A grave problem confronted Kepler as soon as he accepted his calculations about the retinal image: the calculation required the image to beupside down and inverted from left to right. Kepler says "I tortured myself for a very long time" trying to invent a way by which this problem could be obviated. Kepler's admirable innovation was that instead of abandoning his theory, he simply abandoned the problem...
To explain why we nevertheless have the subjective impression of seeing the world right side up, Kepler noted first, that what counts is that the relative positions of the elements of an object should be preserved in the image even though the image as a whole is inverted; and second, that there should be a systematic correspondence between the positions of objects to be viewed and the eye movement necessary to view them. With these two points we would today agree. However Kepler further noted that each point of an object should be situated "opposite" each point in the image, and said in conclusion: "Here then is how I wish those who are concerned with the inversion of the image and who fear that this inversion might produce an inversion of vision, should appreciate the problem. The fact that illumination is an action does not make vision an action, but rather a passion, namely the passion contrary to this action: and similarly, so that the loci should correspond, it must be that patients and agents should be opposed in space. .... One need not fear that vision should err in position: Since to look at an object placed in a high position, one simply directs ones eyes upwards, if one has realised they are too low, and, as concerns their position, facing the object. On the contrary, it is rather the case that vision would be in error if the image were right-side up. (...) There would no longer be opposition (between the object and the image).... ".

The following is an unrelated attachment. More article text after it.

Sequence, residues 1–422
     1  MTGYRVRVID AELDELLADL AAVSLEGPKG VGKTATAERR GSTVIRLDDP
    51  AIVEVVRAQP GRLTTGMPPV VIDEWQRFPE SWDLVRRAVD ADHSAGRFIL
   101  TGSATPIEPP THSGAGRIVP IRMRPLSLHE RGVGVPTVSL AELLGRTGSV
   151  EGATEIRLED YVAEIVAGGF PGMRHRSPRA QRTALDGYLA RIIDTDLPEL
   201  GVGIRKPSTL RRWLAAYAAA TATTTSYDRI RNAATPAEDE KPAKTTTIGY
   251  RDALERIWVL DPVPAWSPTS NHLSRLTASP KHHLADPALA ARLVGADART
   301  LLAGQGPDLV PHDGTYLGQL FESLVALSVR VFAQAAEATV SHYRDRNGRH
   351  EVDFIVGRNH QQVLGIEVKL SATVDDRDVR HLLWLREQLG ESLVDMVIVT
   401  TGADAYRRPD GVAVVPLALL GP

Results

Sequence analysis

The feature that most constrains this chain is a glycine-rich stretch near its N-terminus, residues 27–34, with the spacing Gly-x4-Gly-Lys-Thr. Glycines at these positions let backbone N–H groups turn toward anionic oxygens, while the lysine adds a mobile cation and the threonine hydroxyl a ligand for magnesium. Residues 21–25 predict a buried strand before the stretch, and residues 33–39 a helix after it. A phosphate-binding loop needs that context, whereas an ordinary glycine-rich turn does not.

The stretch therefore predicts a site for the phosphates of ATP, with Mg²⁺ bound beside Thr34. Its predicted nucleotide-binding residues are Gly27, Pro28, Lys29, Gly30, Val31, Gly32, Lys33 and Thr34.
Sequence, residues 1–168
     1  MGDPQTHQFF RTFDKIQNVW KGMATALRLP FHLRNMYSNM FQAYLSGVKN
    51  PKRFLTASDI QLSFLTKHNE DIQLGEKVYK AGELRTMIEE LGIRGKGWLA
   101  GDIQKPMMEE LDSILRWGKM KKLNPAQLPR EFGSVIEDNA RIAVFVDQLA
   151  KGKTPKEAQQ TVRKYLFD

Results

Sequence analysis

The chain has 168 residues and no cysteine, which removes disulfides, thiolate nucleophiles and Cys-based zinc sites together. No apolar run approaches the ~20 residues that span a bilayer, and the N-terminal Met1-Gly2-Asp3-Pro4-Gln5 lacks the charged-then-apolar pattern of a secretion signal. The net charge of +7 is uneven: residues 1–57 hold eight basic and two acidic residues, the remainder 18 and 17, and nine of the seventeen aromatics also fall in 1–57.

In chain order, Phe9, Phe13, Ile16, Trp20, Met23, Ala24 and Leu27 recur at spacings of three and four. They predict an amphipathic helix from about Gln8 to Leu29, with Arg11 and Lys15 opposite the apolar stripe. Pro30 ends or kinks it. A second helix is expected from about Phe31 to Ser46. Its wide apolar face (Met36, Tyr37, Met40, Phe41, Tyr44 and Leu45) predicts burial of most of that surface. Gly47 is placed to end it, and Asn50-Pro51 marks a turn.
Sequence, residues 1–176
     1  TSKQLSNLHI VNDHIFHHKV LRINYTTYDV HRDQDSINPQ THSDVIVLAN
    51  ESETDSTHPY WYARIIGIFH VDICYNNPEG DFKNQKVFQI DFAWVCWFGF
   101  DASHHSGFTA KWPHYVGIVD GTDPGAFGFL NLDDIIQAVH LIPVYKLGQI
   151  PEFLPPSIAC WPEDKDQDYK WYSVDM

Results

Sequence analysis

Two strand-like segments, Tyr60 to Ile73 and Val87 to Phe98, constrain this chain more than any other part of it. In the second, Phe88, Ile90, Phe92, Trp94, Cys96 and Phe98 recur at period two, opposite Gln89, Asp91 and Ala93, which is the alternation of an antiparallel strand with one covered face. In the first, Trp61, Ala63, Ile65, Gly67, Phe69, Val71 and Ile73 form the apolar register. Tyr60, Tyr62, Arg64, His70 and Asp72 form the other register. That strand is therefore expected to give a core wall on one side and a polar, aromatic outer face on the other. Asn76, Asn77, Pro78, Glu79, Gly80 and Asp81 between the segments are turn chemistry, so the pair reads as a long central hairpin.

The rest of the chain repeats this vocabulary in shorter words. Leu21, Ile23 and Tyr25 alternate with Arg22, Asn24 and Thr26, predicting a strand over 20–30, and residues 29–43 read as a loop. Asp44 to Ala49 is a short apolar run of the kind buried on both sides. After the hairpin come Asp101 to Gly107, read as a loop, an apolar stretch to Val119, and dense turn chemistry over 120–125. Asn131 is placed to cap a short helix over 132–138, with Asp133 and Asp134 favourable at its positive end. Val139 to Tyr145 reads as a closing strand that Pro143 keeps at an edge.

Thus, though Kepler started off with the right idea, namely that what is important is that the retinal image should preserve the relative locations of objects with respect to each other, the rest of his explanation seems rather confused. I suspect that he is ill at ease, and that he had not totally understood the problem himself. This is particularly evident in the very last statement above where Kepler proposes that if the image were not inverted we would see the world inverted: as we shall see below, this is false, and shows that he himself has, in part, fallen into the same trap that had ensnared his predecessors.